“We be in good conscious, blasting a bolt through his chest and committing his body to the dark.” 

“The word is conscience, you old goiter bag,” Enzo said. “There’s no need to kill him.” 

“I agree with Enzo,” Eustis said through the hatch door. 

“Shut up,” Marianna and Rudwick said in unison. 

“He’s right, you know,” Marianna said. “We are within our rights to space him.”

“No,” Enzo said. “Not according to GovCorp solitime law, chapter seventeen, section nine, clause four. A stowaway is defined as a human person who acquires passage without the consent of crew.” 

“Blast your memory voodoo, boy,” Rudwick said. “You hardly be crew. You be barely out of diapers.” 

“I don’t care about solitime law. He’s on my ship without my permission. That makes him a stowaway.” 

“He can fix our transponder,” Enzo said. 

“I can,” Eustis added through the door. 

“Shut up!”

“But killing a stranger,” Marianna said. “Too many unknowns. He could be the chief imperial officer’s son for all we know.” 

“That be bosh,” Rudwick said. 

“But my point is that we don’t know what we’re dealing with here.” 

“Dealing with a man needs a killing.” Rudwick was adamant, but Marianna ignored him. 

“Isn’t he in some kind of trouble?” Marianna asked. 

“I’m sure it’s no big deal,” Enzo said. “We’ve all had our scrapes.” 

“Maybe there be a reward for the scurvy cad,” Rudwick wondered aloud. 

“Enzo. Check.” Marianna said, kicking the lockup hatch. It swung open once again. “Slug. Full name. Now!” 

“I’d rather not,” Eustis said. Rudwick stepped forward and pointed his plasma riffle at Eustis’ head. His big cat hissed as he took the ominous stance. 

“Give the name or I take off your face,” Rudwick said. He touched the barrel to the tip of Eustis’ nose. 

“Eustis Wade Grimes.” 

“Residence,” Marianna commanded. 

“329 Hopper Street, Houston City, Earth,” Eustis said. “At least that was my place until this morning.”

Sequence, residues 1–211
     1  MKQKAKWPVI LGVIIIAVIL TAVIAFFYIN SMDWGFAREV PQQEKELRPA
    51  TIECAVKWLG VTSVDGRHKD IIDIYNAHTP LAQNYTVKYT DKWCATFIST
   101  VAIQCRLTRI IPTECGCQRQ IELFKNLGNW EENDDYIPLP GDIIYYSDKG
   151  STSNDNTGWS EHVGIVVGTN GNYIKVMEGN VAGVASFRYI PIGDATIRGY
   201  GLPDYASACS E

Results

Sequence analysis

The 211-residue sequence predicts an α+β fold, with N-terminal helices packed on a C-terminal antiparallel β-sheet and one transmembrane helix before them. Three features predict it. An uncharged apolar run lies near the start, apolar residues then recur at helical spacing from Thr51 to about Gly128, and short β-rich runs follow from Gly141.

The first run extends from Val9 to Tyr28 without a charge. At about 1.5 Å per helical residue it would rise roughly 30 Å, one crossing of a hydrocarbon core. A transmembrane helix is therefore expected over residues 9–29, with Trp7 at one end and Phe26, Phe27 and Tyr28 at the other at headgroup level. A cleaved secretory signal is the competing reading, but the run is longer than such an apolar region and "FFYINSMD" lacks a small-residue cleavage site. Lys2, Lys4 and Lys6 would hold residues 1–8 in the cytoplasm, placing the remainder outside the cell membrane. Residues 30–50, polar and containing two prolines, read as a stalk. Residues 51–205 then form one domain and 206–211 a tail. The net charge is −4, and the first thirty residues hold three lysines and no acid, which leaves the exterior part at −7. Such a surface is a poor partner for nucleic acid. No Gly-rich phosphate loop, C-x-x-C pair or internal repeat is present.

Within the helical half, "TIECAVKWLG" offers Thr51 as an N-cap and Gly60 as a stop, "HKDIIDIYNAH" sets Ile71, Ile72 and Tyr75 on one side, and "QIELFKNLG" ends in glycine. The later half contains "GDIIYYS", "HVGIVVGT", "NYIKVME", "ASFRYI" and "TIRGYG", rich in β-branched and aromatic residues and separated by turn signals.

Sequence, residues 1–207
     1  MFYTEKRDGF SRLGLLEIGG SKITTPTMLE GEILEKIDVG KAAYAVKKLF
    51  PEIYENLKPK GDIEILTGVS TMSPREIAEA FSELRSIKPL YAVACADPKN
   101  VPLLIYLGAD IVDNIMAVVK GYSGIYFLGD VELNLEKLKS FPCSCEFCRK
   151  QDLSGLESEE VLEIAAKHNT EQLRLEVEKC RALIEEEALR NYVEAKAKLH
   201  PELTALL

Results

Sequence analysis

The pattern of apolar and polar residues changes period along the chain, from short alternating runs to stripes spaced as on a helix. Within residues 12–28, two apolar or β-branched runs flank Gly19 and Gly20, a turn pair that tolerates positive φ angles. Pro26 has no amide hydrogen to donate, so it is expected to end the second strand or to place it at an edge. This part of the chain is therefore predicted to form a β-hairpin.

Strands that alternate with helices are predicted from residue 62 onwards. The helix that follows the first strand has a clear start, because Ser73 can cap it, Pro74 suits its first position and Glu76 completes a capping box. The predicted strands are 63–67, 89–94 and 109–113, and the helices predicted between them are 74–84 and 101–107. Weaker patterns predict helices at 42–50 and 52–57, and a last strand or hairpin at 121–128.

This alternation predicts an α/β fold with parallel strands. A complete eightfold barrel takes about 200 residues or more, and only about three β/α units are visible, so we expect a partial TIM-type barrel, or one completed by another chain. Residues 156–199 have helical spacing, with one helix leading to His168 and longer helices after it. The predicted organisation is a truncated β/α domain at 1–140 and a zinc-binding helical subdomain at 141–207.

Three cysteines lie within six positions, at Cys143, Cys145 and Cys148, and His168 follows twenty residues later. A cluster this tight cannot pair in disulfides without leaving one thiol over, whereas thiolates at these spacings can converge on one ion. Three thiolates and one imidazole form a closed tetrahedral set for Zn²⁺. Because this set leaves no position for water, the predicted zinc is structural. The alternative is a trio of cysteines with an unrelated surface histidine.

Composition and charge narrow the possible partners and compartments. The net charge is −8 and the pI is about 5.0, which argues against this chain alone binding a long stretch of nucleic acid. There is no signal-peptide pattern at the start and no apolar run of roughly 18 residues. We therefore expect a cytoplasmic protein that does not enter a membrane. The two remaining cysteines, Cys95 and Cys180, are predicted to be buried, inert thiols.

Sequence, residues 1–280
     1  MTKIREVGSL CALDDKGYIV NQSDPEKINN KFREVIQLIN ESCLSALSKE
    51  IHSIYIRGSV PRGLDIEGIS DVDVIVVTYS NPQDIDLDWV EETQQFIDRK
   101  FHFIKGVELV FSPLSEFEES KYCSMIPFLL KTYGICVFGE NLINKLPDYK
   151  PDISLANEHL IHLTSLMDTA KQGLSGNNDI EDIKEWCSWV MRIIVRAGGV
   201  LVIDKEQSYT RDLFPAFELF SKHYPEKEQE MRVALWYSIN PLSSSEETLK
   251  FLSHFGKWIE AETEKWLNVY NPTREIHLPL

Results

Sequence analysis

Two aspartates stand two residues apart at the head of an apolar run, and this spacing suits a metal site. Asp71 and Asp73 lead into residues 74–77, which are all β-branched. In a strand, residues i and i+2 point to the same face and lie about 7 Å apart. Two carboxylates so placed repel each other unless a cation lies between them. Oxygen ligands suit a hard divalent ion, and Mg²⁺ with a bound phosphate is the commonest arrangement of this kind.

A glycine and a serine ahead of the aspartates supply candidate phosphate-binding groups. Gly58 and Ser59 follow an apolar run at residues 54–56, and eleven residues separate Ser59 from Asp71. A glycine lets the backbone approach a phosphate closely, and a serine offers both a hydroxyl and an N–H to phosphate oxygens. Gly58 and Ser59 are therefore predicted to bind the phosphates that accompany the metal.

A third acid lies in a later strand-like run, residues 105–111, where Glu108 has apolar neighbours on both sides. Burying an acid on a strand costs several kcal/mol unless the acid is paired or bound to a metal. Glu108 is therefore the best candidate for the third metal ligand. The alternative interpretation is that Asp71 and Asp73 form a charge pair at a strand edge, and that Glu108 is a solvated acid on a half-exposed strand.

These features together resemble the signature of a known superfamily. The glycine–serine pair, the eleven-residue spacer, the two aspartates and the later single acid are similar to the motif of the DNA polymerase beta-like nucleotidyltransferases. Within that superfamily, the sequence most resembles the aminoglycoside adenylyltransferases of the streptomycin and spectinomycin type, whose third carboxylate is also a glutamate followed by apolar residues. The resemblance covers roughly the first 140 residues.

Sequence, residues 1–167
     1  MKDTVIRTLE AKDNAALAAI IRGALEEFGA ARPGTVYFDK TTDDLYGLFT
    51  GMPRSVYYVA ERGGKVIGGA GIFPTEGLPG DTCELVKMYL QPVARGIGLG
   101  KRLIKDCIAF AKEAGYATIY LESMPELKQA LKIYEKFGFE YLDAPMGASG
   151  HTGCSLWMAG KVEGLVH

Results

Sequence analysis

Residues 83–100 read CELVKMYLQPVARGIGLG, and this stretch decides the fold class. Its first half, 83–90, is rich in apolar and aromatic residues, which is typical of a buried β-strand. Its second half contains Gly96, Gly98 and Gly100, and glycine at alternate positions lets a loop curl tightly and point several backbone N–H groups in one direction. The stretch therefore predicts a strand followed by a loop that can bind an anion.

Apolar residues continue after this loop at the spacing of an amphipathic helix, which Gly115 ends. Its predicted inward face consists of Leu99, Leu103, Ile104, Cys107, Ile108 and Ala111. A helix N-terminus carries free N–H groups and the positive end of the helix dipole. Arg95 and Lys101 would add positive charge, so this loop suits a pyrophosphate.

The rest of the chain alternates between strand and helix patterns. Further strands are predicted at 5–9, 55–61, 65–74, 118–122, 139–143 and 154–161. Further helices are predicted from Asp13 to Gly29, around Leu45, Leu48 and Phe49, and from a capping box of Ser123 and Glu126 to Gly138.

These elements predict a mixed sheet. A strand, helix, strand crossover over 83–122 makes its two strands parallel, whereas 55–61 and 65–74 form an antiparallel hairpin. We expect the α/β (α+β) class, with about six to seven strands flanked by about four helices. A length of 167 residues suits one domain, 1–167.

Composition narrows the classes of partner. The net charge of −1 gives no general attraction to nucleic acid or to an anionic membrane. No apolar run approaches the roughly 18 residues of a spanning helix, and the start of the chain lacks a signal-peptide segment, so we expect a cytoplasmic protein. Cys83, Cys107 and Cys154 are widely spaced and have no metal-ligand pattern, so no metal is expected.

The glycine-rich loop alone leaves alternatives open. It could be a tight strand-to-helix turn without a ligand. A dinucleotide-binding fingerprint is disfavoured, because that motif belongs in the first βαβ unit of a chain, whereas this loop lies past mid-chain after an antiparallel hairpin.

Enzo was gesturing to a display that he hadn’t made available to the others. 

“Weird,” Enzo said. “No reward posted. But his remains are earmarked for reclamation. But he’s obviously not dead yet.”

“Check the colonial notary for—” Marianna started, but Enzo cut across her words. 

“Already did. Nothing,” Enzo said. 

“Me thinks Euticus be mighty quiet,” Rudwick grumbled. “Spill it, you traitorous nave.” 

“I uh—well—I got a call,” Eustis said. “From the Office of Dissidence Management.” 

“No!” Marianna said, raising her voice now. 

“Say it be a lie,” Rudwick growled. “Kid, you invited a shunt aboard. You’ve doomed us all.” 

“I didn’t know!” Enzo said. “I just thought he was in normal trouble. I didn’t know he was a—a—you know.” 

“We drop his body in the cold of black and burn on as if nothing askew took we on,” Rudwick said. “No one be the wiser.” Despite Rudwick’s words, Marianna did not break her icy stare. 

“We could turn him in,” Enzo said. Eustis shot a glance at the kid. “Could claim he came aboard without us knowing.” Again Marianna didn’t look away. Her knowing stare was unflinching. 

“Listen,” Eustis tried. “I’m really sorry. I should have—”

“Who’s assigned to your case, dissident?” Marianna said as if she were asking for the date of his funeral. 

“It’s all a misunderstanding,” Eustis attempted. Once again, he found Rudwick’s barrel in his face. 

“Who’s your hunter?” 

“Admiral Strafe,” Eustis said, letting his head bow low. 

The compartment fell silent. Even Tiny, the giant cat, noticed the change in mood. Enzo leaned against the bulkhead and slid down to the deck. Rudwick stood his post, ready to eviscerate Eustis. Marianna continued to stare at him. No one said anything for a long time. 

“Ok,” Marianna said after a long, excruciating pause. “Rudwick, we need him alive for now, but he needs to look unwelcome in case Strafe catches us with him.”

“That I can do, me hearty,” Rudwick said with a smile. “I never did hear such welcome words.” 

“So, he’s in?” Enzo said excitedly.

“Nope,” Marianna said. “We’re still headed to Aldrin City. We’ll drop him there and burn hard.”

“But Mayor Skurg will—” Enzo tried. 

“I don’t want to hear it, kid,” Marianna said. “Now to your quarters. I don’t want you to see this.” Enzo grumbled as he followed her toward the ladder and started to climb. 

Before she disappeared into the upper deck opening, she peered down at him and said, “You realize you’ve put your black mark on all of us, right? You know they’ll kill us all?” Eustis nodded reluctantly. “Ok, Rudwick, do your thing but, don’t mangle his face too bad. May need it for facial recognition when that death dealer catches us. Anything else goes, but make it quick. We’re going to burn hard out of here in fifteen minutes. Enzo, you’re with me.” 

Enzo followed the captain out of the engineering compartment as Eustis’ attention turned toward the giant man standing over him. Rudwick smiled and began.